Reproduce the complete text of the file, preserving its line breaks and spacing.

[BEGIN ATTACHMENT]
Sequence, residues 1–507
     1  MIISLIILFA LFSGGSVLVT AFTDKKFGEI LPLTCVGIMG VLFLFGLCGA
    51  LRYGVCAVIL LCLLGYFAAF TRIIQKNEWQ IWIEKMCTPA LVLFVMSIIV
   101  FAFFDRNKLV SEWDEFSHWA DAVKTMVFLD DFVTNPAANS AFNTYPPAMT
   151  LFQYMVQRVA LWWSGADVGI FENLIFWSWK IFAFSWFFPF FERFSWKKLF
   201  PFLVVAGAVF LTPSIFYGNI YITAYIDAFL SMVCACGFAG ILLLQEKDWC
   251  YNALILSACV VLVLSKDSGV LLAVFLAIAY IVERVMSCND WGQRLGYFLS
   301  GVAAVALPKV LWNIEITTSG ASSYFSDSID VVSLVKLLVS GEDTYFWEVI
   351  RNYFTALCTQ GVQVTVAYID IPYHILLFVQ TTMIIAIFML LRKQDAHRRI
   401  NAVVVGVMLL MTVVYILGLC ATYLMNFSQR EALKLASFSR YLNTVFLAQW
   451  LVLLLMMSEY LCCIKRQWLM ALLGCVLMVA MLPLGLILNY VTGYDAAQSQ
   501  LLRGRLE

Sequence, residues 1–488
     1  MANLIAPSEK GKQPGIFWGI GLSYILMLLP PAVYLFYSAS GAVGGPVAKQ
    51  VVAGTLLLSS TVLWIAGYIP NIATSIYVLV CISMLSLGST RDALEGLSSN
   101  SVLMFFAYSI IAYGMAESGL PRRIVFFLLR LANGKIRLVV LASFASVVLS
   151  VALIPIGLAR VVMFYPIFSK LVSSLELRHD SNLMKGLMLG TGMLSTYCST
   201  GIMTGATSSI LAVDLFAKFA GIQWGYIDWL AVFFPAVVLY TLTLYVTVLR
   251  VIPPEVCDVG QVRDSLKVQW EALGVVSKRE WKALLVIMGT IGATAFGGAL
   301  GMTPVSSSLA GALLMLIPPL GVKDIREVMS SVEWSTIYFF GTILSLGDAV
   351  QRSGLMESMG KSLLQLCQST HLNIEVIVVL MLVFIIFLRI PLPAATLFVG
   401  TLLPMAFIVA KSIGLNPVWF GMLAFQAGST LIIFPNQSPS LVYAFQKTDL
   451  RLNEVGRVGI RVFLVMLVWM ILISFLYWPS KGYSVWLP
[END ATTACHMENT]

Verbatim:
Sequence, residues 1–507
     1  MIISLIILFA LFSGGSVLVT AFTDKKFGEI LPLTCVGIMG VLFLFGLCGA
    51  LRYGVCAVIL LCLLGYFAAF TRIIQKNEWQ IWIEKMCTPA LVLFVMSIIV
   101  FAFFDRNKLV SEWDEFSHWA DAVKTMVFLD DFVTNPAANS AFNTYPPAMT
   151  LFQYMVQRVA LWWSGADVGI FENLIFWSWK IFAFSWFFPF FERFSWKKLF
   201  PFLVVAGAVF LTPSIFYGNI YITAYIDAFL SMVCACGFAG ILLLQEKDWC
   251  YNALILSACV VLVLSKDSGV LLAVFLAIAY IVERVMSCND WGQRLGYFLS
   301  GVAAVALPKV LWNIEITTSG ASSYFSDSID VVSLVKLLVS GEDTYFWEVI
   351  RNYFTALCTQ GVQVTVAYID IPYHILLFVQ TTMIIAIFML LRKQDAHRRI
   401  NAVVVGVMLL MTVVYILGLC ATYLMNFSQR EALKLASFSR YLNTVFLAQW
   451  LVLLLMMSEY LCCIKRQWLM ALLGCVLMVA MLPLGLILNY VTGYDAAQSQ
   501  LLRGRLE

Sequence, residues 1–488
     1  MANLIAPSEK GKQPGIFWGI GLSYILMLLP PAVYLFYSAS GAVGGPVAKQ
    51  VVAGTLLLSS TVLWIAGYIP NIATSIYVLV CISMLSLGST RDALEGLSSN
   101  SVLMFFAYSI IAYGMAESGL PRRIVFFLLR LANGKIRLVV LASFASVVLS
   151  VALIPIGLAR VVMFYPIFSK LVSSLELRHD SNLMKGLMLG TGMLSTYCST
   201  GIMTGATSSI LAVDLFAKFA GIQWGYIDWL AVFFPAVVLY TLTLYVTVLR
   251  VIPPEVCDVG QVRDSLKVQW EALGVVSKRE WKALLVIMGT IGATAFGGAL
   301  GMTPVSSSLA GALLMLIPPL GVKDIREVMS SVEWSTIYFF GTILSLGDAV
   351  QRSGLMESMG KSLLQLCQST HLNIEVIVVL MLVFIIFLRI PLPAATLFVG
   401  TLLPMAFIVA KSIGLNPVWF GMLAFQAGST LIIFPNQSPS LVYAFQKTDL
   451  RLNEVGRVGI RVFLVMLVWM ILISFLYWPS KGYSVWLP